You are on page 1of 2

# The head of a drop hammer is raised 2m and then falls freely to strike a billet of metal.

If the
mass of the hammer is 300 kg and the billet is reduced in size by 15 mm, in a time of 0.0048
s, what is the average force applied by hammer?
Solve the problem using DAlemberts principle and the conservation of energy method and
compare and contrast the methods as suitable for solving the particular problem.
Names of variables used:
m = 300 kg - the mass of the hammer
h = 2 m - the initial height of the hammer
s = 15 mm - the billet size reduction
t = 0.0048 s - the time when the hammers force was applied

## F = ??? - the average force applied by the hammer.

Please note: Im writing this as me, not an unknown one because it is easier. I hope the
lack of scientific language wont disturb you (smile).

There is one problem with this problem: too many known variables! Because the distance s
and the time t are both given one may calculate from kinetics the hammers deceleration and,
multiplying it by the hammer mass calculate the force F. Also multiplying the deceleration and
the time t one may find the initial speed v of the hammer when it struck the billet.
From the other side this speed is fully determined by the height h, or rather h is determined
by v. One of the given variables is redundant.
Fortunately I calculated the hammer speed using kinetics i.e using the formula:
p m
v = 2 g h = 2 9.81 2 = 6.264 (1)
s
and from the distance s and time t (also using kinetics)
2s 2 0.015 m
v= = = 6.25 (2)
t 0.0048 s
Both results are very similar (their difference is about 0.2%) so I assume I can use as many
known variables as needed and forget about the redundant one.
If you are not familiar with formulas in equations (1,2) here is how to get them:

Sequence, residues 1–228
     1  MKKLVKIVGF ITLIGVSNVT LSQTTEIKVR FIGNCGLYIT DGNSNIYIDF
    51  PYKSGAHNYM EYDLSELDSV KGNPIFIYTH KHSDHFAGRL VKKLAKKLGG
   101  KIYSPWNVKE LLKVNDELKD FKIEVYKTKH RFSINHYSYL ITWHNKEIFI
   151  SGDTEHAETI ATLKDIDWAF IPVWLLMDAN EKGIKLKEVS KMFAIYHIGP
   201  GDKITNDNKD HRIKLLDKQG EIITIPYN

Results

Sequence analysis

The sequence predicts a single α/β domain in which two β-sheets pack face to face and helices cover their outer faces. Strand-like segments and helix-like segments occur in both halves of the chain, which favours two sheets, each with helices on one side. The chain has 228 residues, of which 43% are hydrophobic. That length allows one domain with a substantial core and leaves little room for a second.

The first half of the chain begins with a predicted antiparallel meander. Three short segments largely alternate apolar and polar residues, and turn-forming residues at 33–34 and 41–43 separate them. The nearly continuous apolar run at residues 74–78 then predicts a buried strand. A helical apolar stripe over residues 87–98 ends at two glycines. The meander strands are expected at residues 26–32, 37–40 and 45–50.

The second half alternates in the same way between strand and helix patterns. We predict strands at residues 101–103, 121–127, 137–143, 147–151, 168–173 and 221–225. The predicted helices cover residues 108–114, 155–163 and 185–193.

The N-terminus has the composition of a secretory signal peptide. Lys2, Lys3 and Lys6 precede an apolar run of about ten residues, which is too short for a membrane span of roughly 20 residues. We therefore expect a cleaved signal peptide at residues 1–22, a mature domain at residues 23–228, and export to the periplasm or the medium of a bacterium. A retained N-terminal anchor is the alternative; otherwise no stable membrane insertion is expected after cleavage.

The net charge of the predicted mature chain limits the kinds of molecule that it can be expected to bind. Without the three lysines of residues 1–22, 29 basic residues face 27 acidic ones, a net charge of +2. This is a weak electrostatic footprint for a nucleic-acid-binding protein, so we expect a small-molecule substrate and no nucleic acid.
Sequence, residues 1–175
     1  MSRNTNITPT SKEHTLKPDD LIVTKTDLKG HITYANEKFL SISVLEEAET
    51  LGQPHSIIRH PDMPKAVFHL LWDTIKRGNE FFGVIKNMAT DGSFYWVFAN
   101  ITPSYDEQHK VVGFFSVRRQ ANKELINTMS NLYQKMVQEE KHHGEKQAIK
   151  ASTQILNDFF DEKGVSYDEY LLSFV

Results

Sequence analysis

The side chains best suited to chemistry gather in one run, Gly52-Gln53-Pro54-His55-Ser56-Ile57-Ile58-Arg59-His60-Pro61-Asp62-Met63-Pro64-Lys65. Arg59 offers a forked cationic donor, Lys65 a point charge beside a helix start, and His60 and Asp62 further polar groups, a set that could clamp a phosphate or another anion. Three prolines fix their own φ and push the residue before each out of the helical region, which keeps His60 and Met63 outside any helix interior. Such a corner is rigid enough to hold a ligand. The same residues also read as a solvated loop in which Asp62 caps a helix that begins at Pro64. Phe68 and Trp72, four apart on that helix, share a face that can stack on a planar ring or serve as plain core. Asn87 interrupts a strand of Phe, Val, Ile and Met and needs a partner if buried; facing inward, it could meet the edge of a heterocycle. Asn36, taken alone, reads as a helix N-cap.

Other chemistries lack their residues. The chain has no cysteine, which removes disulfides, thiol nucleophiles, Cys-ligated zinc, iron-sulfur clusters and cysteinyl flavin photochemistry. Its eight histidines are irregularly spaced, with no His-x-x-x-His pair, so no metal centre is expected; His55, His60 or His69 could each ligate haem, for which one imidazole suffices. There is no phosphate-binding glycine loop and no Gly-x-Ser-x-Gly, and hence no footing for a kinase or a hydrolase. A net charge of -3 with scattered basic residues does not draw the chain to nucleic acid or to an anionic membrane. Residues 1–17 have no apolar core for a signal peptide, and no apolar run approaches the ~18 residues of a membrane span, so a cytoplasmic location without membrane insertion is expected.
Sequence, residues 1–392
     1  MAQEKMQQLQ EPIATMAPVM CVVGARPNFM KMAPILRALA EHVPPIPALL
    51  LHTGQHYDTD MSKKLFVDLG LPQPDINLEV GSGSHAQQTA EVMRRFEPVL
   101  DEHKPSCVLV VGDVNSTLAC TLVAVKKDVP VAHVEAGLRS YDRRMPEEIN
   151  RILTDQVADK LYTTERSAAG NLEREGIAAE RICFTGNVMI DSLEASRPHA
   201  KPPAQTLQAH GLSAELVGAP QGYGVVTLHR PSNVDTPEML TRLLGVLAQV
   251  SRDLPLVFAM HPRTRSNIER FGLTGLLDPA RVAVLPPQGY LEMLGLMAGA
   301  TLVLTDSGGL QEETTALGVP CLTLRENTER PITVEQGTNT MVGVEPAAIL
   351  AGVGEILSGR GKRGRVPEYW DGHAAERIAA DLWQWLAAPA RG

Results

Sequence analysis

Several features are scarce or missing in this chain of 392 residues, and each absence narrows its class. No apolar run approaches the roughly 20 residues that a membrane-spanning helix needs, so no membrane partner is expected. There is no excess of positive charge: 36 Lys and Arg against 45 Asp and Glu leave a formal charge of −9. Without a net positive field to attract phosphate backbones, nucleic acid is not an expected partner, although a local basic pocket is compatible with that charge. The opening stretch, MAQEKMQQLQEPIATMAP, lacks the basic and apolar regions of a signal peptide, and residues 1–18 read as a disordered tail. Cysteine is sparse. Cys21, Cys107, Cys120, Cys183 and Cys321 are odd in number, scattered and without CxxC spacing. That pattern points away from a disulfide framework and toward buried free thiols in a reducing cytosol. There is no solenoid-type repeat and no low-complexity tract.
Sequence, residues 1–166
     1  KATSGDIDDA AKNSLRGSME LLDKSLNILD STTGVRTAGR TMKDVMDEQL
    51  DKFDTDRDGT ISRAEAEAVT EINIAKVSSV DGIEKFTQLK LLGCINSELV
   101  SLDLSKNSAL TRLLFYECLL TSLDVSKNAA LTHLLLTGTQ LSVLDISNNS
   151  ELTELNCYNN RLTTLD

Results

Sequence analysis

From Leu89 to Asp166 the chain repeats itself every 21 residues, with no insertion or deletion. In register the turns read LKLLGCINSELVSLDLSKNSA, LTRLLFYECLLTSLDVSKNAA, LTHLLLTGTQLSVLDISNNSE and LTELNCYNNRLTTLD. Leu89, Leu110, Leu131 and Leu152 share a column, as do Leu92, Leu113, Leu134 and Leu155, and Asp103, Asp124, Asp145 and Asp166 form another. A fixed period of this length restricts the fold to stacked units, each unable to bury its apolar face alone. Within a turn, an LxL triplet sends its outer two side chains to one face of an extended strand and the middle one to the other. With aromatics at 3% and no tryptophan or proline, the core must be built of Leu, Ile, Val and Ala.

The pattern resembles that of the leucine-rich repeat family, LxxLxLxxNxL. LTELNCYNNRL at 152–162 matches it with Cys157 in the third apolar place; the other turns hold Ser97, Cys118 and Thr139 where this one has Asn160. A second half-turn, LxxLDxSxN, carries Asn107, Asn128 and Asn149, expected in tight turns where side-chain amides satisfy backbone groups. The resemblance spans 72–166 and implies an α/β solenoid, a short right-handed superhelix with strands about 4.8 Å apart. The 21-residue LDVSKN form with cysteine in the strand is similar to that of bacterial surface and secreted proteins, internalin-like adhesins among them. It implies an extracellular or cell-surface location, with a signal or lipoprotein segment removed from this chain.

2
1 1 v
2 g h = 2 g g t2 = 2 g g = v2 (3)
2 2 g

and
1 2 1v 2 1
s= at = t = vt (4)
2 2 t 2
Equation (4) means that in an uniformly decelerated movement with the initial speed v and
the final speed of zero the distance is the average speed multiplied by time.

## Please see the next page for solutions.

Solution - using the energy conservation principle. This method (in case of the current
problem) is much simpler than the other. The potential energy of the hammer raised on the
height h changes into the hammers kinetic energy and then into the work W of the billet
resistive force F on the distance s. The energy conservation equation is very simple:
mgh = F s (5)
From eq. (5) I calculate the force F
mgh
F = (6)
s
The units of [F] are newtons but The distance s should be expressed in meters, s = 0.015 m.
Lets calculate the numeric value of F:
300 9.81 2
F = 392000 N = 392 kN (7)
0.015
In one of the previous problems I added the distance s to h when calculating the potential
energy difference. Yes, I should do it here too, but 0.015 m is a small height comparing to 2 m,
so it may be dropped from the calculations.

Solution - using the dAlamberts principle. This principle says that in a moving reference
frame the sum of all acting forces, real (which are the gravity and the bullet resistance) and
the inertia force should reduce to zero.
The inertia force is equal m a, where a is the deceleration. It acts downwards, in the opposite
way as the billet resistance. (Please NOTE ! The inertia force acts in a direction opposite to

the vector F . It tries to hold the current speed of the hammer head. Thats the reason it is
called an inertia force). The gravity force m g acts downwards too. So the equation for forces
looks as follows:
F ma mg = 0 (8)
The deceleration may be obtained from the distance s and time t (compare the discussion in
the beginning of my text).
1 2 2s
s= at therefore a= 2 (9)
2 t
Im interested in the value of a, so I calculate it before substituting into equation (8)
2 0.015 m
a= 2
1302 2 (10)
0.0048 s
The deceleration is about 130 times stronger than the Earth gravity and in the equation (8)
the m g part might be dropped. It is the same thing as forgetting the small difference in the
potential energy on the distance s. From eq. (8) I calculate F:
F = m (a + g) = 300 (1302 + 10) = 393.6 kN (11)

The result is very similar to that calculated form eq. (7). Remember that previously I under-
estimated the change in the potential energy so the results are even closer. The other sources
of difference are the time t and distance s which are not exactly proper for a hammer head
dropped from h = 2 m.
As you can see the second method took more calculations but results are the same (they would
be exactly the same if the problems data were correct).